Tuesday, August 17, 1999

Honolulu air
fares a bargain

An Aviation Week survey says
travelers are reaping the benefits of
the isles' stiff price competition

By Heather Tang


Not everything in Hawaii is pricey.

Honolulu air fares may be the lowest in the country among major U.S. hubs, according to a recent Aviation Week survey.

Consumers can enjoy the benefits of stiff price competition but for airlines serving the state, it's a game of catch-up as they struggle to turn profits in Hawaii's traditionally low-yield market.

"Historically, prices have and will continue to be low. Hawaii is a great bargain," said Michael Miller, editor of Aviation Week.

Miller said survey figures are derived from the U.S. Department of Transportation Origin & Destination survey for 1998, a report based on 10 percent of all airline ticket fares.

"Hawaii is wonderfully cheap. Short trips from there are much cheaper than in other parts of the U.S," he said.

Fares from Honolulu will always be relatively low because travel demand is dominated by leisure trips instead of the more pricey business travel, said Miller.

"This is good news for consumers but it places extra pressure on airlines with respect to their overall revenue and profitability," said Tony Vericella, Hawaii Visitors & Convention Bureau president and chief executive.


According to the survey, one-way air fares from Honolulu last year averaged $37 for distances less than 249 miles -- in other words, interisland flights. The next lowest average fare at that distance was for flights out of Las Vegas at $56, or 51 percent higher than Honolulu's average fare.

Advanced-fare purchases, package deals and frequent flier redemptions may have skewed the survey prices lower, Aviation Week acknowledged. Current one-way kamaaina fares are in the $49 to $55 range. Nonkamaaina fares are higher.

For a distance of 2,000 to 2,499 miles, Honolulu tied for least expensive with Las Vegas with a one-way fare of $159.

By comparison, shuttle flights serving predominantly business travelers out of Boston, Newark, and Washington, average about $124 one-way, the survey said.

"Business travelers usually have to be in a certain destination by a certain time so their willingness to pay is much higher than would be the case for a leisure traveler who can easily juggle flight schedules," said Paul Brewbaker, chief economist at Bank of Hawaii.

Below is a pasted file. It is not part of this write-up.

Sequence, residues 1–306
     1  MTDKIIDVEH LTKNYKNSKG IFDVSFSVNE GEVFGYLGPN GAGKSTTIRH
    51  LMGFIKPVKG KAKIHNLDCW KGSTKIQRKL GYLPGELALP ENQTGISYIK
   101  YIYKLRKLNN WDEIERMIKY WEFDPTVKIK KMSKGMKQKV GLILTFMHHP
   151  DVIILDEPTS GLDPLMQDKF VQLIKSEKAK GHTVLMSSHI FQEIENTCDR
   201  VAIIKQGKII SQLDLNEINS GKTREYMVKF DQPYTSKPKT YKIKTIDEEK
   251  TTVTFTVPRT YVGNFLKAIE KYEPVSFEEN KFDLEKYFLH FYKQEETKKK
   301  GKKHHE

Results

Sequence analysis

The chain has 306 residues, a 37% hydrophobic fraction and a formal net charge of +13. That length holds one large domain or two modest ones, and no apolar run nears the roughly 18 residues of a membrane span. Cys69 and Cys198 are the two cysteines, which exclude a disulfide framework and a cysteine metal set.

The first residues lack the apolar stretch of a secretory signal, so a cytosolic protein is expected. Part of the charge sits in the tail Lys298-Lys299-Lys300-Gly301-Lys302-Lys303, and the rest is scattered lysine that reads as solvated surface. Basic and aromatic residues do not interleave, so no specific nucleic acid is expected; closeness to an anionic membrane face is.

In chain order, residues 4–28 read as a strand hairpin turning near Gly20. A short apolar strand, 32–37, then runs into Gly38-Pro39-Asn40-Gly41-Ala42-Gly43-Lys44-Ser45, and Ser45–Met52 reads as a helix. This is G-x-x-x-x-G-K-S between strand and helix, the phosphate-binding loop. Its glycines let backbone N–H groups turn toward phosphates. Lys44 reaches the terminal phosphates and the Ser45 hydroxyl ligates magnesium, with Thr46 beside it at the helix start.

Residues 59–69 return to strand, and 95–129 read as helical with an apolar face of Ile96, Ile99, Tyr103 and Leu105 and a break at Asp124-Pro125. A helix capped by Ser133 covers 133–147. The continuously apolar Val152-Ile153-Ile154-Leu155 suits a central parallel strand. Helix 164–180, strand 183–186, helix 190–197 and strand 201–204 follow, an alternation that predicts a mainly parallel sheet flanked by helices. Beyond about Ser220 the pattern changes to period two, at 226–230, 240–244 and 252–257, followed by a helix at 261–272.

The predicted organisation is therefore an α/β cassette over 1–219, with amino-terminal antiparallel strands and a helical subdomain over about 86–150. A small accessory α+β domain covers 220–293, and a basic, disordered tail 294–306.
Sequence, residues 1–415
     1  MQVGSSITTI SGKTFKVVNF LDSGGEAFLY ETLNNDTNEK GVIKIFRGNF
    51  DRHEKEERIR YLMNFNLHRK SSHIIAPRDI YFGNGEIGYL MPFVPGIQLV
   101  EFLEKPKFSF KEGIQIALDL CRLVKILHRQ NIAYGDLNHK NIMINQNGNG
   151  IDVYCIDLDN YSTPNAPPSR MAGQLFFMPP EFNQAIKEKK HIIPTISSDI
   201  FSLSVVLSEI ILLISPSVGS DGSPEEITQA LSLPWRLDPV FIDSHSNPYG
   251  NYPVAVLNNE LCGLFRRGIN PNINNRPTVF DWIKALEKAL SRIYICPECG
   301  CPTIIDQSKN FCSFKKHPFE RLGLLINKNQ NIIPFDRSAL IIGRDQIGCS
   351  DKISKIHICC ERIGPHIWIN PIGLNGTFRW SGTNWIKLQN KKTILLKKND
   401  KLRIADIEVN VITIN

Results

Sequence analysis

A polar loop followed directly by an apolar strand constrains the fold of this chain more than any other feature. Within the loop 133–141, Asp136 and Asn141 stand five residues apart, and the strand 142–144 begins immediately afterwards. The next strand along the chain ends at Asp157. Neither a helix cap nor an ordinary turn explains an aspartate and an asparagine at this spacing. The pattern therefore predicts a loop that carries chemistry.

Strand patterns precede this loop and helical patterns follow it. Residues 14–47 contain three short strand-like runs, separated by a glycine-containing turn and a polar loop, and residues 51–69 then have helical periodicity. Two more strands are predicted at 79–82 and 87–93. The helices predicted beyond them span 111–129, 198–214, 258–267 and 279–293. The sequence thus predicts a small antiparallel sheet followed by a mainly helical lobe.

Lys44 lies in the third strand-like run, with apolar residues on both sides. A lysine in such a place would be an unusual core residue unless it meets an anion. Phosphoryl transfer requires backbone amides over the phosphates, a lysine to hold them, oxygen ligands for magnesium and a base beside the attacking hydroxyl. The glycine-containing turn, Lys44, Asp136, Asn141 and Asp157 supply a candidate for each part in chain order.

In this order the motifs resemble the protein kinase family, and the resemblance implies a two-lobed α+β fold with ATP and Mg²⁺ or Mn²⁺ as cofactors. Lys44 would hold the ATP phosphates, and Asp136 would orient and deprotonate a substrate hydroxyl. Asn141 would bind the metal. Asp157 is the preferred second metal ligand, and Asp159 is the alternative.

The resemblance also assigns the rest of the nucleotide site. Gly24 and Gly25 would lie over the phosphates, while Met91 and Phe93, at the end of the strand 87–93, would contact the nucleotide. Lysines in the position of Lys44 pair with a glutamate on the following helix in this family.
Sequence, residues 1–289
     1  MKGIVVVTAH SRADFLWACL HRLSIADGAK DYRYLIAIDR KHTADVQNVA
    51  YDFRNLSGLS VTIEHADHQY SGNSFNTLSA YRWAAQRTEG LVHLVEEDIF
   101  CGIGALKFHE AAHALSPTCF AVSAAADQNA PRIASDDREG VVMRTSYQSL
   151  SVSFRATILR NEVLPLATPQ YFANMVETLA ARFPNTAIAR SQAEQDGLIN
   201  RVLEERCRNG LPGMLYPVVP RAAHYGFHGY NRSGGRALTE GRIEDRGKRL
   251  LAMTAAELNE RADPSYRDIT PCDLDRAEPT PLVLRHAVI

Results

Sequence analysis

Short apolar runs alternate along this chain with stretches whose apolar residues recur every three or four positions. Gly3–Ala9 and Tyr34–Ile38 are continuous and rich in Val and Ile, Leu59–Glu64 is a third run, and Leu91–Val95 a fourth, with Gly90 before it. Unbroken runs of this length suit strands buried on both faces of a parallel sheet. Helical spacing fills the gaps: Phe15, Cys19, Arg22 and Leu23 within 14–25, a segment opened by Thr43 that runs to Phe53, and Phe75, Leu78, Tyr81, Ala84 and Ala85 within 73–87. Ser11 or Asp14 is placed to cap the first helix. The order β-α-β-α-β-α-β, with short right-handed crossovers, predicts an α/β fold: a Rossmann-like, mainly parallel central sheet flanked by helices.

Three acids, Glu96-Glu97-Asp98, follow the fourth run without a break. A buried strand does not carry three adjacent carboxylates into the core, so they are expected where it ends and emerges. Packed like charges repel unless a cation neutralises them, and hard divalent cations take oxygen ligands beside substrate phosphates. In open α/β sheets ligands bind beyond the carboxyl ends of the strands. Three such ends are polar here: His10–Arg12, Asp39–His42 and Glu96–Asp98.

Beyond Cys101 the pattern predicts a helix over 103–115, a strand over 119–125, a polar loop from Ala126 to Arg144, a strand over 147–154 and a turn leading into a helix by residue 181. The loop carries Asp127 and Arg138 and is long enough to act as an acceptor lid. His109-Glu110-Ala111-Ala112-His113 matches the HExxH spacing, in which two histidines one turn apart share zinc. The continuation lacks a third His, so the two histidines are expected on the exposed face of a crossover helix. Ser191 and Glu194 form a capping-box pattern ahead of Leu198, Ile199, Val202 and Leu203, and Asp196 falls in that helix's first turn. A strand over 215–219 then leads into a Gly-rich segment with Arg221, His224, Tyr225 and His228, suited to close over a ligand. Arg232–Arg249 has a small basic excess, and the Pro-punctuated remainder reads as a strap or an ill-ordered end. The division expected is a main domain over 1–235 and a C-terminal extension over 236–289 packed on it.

The survey results are no surprise for local airline executives.

"Doing business in Hawaii as an interisland carrier is a challenge. We're very attentive to our costs," said Glenn Zander, president and chief executive officer of Aloha Airlines Inc.

Zander said diversifying, such as with its overnight freight services, has helped company profits.

Interisland competitor Hawaiian Airlines Inc. also has taken cost-cutting steps and expanded its mainland service.

"Be it materials, labor, equipment, everything -- every company these days is looking for ways to be more competitive and hold cost structure down as much as possible to survive," said spokesman Keoni Wagner.

Profit yields from flights in and out of Hawaii tend to be about half of similar-range mainland flights, which typically operate with a profit margin of 10 percent or greater, said Zander.

Airline marketing devices such as frequent flier programs may also complicate price yields.

"People are more likely to redeem frequent flier miles on leisure destinations such as Hawaii rather than when they are traveling on business," said Brewbaker.

He said there is a disproportionately high rate of frequent flier redemption on Hawaii flights, a factor that further dwindles airline profit.

"You can make money but it's a very thin margin compared to destinations serving business markets," said Norman Reeder, United Airlines' Hawaii managing director. "Historically, airlines have not made money in Hawaii. Because unit revenues are lower, you need higher load factors."

Today, mainland flights to Hawaii fly with an occupancy of about 90 percent compared with about 70-to-75 percent occupancy 10 years ago, said Brewbaker.

"This occupancy is pretty darn high. It's a measure of success to be more efficient. Airlines have to use optimal pricing techniques to leverage as much money out of the traveler as they are willing to pay," he said.

Unlike most other airline destinations, leisure destinations are less reliant on business travelers than traditional destinations.

Hawaii's travel market also tends to be price sensitive.

"People don't have to fly to Hawaii, it's a pure preference-type destination," said consultant Aaron Taylor, of GKMG Consulting Services Inc., which prepared the Aviation Week report.

Added Hawaiian Air's Wagner: "The marketplace sets prices where the market will bear them. That's the bottom line. Airlines price their product where they feel they need to turn a profitable operation and where the market will respond."

"It's a balancing act," he said.

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